Tony Barnstone is professor of English at Whittier College and has published his poetry, fiction, essays, and translations in dozens of major American journals. His books of poems include Sad Jazz: Sonnets (Sheep Meadow Press 2005) and Impure: Poems by Tony Barnstone (University Press of Florida 1998) in addition to the chapbook Naked Magic. His other books include The Anchor Book of Chinese Poetry; Out of the Howling Storm: The New Chinese Poetry; Laughing Lost in the Mountains: Poems of Wang Wei; The Art of Writing: Teachings of the Chinese Masters; and the textbooks Literatures of Asia, Africa and Latin America; Literatures of Asia; and Literatures of the Middle East. He has also published Chinese Erotic Poetry (Everyman 2008) and The Golem of Los Angeles (Red Hen Press, winner Benjamin Saltman Award). He is the recipient of many national poetry prizes and of fellowships from the National Endowment for the Arts and the California Arts Council. Born in Middletown, Connecticut, and raised in Bloomington, Indiana, Barnstone lived for years in Greece, Spain, Kenya, and China before taking his Masters in English and creative writing and PhD in English literature at UC Berkeley.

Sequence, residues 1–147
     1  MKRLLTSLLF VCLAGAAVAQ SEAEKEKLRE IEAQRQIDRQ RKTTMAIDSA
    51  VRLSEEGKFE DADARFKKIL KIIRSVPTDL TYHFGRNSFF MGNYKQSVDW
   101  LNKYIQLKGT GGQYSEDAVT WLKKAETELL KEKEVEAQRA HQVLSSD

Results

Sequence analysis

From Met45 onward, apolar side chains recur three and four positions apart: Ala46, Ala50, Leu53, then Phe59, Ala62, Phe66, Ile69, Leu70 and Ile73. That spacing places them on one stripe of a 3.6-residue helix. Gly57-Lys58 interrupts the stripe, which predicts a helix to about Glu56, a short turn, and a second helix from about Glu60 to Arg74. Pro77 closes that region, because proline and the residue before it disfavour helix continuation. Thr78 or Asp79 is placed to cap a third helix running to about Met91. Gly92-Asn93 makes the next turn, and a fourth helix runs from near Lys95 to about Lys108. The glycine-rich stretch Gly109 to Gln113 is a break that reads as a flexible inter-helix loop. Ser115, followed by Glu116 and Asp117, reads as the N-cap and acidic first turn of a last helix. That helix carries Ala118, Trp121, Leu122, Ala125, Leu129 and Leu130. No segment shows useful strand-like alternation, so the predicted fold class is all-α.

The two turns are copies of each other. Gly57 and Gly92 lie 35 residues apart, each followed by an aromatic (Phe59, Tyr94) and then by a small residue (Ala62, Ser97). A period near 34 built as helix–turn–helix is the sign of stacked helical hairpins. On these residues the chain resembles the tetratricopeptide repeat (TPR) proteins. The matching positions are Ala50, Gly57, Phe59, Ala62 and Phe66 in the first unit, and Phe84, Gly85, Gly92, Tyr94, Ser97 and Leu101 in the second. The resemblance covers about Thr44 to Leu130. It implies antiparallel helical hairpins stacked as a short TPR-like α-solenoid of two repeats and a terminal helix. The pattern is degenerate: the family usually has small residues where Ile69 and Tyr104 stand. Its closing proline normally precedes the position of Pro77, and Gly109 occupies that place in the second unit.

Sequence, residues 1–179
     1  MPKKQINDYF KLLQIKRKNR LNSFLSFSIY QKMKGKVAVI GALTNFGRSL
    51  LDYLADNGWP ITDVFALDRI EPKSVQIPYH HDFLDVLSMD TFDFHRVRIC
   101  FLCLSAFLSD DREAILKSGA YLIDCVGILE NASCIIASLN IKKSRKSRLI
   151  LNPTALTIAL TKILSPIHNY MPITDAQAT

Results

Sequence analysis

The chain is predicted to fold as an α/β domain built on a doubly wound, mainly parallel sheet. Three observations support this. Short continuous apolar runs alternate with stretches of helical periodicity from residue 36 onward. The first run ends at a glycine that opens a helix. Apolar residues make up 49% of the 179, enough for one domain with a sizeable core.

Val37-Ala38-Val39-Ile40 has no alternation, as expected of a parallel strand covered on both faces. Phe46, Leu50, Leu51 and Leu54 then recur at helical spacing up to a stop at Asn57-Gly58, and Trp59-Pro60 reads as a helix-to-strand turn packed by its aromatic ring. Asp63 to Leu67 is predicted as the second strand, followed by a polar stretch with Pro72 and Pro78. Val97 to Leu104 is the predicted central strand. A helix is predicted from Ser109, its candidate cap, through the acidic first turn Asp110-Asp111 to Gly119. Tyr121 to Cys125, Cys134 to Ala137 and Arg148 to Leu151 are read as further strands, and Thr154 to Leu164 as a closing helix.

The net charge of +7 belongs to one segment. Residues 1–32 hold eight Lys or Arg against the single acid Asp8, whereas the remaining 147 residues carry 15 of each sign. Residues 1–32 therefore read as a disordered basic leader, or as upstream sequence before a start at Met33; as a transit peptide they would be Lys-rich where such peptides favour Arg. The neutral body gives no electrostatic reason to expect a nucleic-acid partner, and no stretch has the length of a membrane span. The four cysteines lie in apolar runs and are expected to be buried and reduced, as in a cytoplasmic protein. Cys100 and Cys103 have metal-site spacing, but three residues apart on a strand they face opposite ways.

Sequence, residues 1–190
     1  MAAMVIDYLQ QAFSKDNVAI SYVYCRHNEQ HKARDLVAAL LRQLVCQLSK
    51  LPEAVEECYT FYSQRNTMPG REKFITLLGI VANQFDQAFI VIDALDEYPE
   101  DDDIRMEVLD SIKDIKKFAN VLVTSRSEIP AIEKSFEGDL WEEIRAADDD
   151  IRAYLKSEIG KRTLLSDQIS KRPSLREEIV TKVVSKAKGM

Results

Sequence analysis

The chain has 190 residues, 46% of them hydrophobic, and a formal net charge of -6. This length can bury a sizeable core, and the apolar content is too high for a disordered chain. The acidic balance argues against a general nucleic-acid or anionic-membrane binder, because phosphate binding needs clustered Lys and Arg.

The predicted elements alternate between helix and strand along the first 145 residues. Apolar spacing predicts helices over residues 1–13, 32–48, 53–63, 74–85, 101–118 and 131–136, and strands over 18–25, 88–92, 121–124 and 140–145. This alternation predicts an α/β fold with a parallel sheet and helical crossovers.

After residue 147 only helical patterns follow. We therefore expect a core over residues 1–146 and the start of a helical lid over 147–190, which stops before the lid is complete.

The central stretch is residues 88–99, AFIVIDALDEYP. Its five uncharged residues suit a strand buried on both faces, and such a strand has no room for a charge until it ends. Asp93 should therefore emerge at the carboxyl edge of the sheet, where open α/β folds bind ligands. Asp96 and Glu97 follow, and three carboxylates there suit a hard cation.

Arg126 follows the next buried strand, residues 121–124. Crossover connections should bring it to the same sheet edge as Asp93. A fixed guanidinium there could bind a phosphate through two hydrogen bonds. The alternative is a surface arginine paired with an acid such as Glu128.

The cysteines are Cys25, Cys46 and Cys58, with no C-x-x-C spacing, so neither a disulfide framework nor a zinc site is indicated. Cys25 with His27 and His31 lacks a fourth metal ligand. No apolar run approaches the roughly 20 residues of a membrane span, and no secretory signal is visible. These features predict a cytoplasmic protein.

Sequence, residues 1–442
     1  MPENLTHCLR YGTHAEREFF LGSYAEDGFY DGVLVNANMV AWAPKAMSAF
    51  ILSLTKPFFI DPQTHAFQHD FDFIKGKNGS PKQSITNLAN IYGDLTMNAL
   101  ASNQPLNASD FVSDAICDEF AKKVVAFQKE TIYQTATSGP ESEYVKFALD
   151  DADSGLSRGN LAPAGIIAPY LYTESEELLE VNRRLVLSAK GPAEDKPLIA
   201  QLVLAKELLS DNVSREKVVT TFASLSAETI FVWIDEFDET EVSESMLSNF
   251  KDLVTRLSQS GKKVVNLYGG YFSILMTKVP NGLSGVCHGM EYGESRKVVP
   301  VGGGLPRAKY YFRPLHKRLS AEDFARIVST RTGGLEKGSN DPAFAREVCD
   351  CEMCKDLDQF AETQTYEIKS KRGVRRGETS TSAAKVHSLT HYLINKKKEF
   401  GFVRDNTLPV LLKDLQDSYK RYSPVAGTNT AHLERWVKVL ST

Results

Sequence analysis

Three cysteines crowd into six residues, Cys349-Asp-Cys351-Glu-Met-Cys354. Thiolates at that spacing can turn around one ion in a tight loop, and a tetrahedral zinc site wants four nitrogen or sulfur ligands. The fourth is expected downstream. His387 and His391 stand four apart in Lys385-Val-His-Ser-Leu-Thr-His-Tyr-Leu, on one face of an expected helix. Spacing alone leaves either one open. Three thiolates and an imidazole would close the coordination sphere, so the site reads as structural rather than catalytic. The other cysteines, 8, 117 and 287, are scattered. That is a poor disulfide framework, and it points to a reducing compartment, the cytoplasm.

The Golem of Los Angeles
Publication Date: January 1, 2008
The Golem of Los Angeles is the 2006 Benjamin Saltman Poetry Award winning poetry collection by Tony Barnstone.
“Tony Barnstone’s poems are besotted with the world—slot machines in Vegas, ants and centipedes and rivers, fires and beaches and “filtered forest light,” love in its carnal splendor, and the charnel squalor when love dies. Yet the Contents page in The Golem of Los Angeles—full of Psalms, Parables, Testaments, Sermons, Sutras, even the occasional Spell—makes clear that Barnstone’s deepest impulse is religious: to praise and to pray. I praise this book. May it fly, reader, into your hand.”—Charles Harper Webb
“The Golem of Los Angeles gives us poetry full of pain, horror, despair – and beauty. Tony Barnstone gives new form and meaning to the parable, the sermon, the psalm, the sutra. The reader cries, yet laughs in delight.”—Maxine Hong Kingston